A new study led by researchers from Moss Landing Marine Labs of San Jose State University, California State University Monterey Bay and University of California Santa Cruz examines how ocean acidification may negatively affect some juvenile rockfish, a key marine prey base to the Calif. ecosystem. The research, which suggests potential negative affects to the structure and function of marine ecosystems that support coastal fishieries and communities, was conducted in collaboration with researchers at the National Oceanic and Atmospheric Administration's Southwest Fisheries Science Center and the Monterey Bay Aquarium Research Institute.
"Our study shows that some rockfish are more tolerant than others when exposed to future ocean chemistry conditions. Copper rockfish displayed behavioral changes, slower swimming speeds, depressed ability for aerobic activity, and increased expression of regulatory genes. Blue rockfish did not show significantly altered behavior or physiology," said Cheryl Logan, co-author and assistant professor at the School of Natural Sciences at CSU Monterey Bay who led the genomics portion of the study. "Blue rockfish showed gene expression changes indicative of greater acclimatization capacity."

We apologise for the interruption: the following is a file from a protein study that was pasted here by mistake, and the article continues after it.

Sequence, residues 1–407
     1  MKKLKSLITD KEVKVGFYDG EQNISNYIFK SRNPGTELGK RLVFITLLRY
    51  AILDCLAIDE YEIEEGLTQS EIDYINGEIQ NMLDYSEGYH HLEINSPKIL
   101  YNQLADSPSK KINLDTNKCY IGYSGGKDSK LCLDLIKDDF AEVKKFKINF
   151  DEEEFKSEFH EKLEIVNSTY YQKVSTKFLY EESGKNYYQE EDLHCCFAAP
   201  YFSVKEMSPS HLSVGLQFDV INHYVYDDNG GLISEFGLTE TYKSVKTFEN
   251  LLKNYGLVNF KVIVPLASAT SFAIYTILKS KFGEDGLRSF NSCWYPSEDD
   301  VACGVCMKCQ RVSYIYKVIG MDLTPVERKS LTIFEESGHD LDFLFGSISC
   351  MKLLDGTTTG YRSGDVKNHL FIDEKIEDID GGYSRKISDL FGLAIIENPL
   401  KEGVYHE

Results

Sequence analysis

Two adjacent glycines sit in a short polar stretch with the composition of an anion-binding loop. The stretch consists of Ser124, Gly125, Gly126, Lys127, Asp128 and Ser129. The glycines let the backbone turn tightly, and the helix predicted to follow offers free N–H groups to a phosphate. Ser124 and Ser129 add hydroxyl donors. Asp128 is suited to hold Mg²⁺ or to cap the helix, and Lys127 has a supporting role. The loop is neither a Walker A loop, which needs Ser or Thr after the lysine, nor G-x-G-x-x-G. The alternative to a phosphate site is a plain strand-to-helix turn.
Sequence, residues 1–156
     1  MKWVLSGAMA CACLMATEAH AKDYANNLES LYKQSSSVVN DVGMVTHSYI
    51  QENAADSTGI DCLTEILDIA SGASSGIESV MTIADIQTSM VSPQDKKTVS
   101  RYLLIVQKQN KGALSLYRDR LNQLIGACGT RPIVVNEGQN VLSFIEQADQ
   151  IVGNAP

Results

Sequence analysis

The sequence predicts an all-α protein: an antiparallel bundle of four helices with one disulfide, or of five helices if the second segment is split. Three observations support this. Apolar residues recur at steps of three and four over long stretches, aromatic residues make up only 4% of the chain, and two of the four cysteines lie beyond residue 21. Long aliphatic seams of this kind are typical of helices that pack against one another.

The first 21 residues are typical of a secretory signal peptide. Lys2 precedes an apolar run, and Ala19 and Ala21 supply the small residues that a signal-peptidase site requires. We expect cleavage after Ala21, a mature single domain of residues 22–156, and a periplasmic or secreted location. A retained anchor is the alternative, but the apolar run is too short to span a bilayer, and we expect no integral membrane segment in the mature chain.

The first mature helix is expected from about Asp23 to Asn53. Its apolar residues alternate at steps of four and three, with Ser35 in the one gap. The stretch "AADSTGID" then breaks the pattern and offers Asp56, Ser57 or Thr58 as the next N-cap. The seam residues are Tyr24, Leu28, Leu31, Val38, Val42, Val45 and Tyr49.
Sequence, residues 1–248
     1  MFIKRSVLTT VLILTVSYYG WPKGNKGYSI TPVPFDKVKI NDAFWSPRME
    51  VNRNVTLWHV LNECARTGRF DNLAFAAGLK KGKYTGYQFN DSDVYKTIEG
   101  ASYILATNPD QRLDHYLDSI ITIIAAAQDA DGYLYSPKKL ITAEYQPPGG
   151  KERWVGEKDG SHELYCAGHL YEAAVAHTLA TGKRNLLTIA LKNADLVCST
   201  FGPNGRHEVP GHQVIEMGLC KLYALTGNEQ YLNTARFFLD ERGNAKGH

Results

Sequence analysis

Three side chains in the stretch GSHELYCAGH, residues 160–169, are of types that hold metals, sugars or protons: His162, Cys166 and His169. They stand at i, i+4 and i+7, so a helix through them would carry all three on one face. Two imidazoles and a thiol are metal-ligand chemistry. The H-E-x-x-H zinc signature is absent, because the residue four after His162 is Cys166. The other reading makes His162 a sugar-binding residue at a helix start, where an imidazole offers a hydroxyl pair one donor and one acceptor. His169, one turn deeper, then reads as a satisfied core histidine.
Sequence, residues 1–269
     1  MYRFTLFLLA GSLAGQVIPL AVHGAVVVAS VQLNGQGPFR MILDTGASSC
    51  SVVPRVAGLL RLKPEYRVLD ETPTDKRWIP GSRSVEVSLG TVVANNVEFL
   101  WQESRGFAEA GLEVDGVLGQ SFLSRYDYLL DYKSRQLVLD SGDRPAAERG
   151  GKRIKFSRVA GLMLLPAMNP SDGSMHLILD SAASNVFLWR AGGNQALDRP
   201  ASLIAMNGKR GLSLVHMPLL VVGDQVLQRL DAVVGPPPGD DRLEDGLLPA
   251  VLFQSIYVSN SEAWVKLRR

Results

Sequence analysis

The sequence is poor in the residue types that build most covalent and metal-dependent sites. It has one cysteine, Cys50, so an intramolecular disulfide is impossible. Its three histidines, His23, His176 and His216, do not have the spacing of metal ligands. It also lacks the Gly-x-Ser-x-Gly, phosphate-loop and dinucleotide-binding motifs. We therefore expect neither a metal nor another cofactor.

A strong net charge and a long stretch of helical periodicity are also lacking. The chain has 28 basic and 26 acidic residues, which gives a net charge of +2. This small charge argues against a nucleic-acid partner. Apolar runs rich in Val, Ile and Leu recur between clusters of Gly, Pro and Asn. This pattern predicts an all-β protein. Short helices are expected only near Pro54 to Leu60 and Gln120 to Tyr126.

The implications of the research are that the fish communities inhabiting rocky reefs and kelp beds may change in the future, in favor of species more tolerant of changing ocean chemistry. Juvenile rockfish are important prey for many species of seabirds, marine mammals, and other fishes. Changes in the prey base due to climate change are likely to affect marine food webs, with potentially negative effects on coastal fisheries and communities. Rockfish are the most diverse group of fishes living on the U.S. West Coast, comprising more than 65 species that support important recreational and commercial fisheries.
This is the first study to examine a comprehensive suite of physiological, behavioral and genomic responses to ocean acidification in temperate fishes.
The research was published in PLOS ONE.
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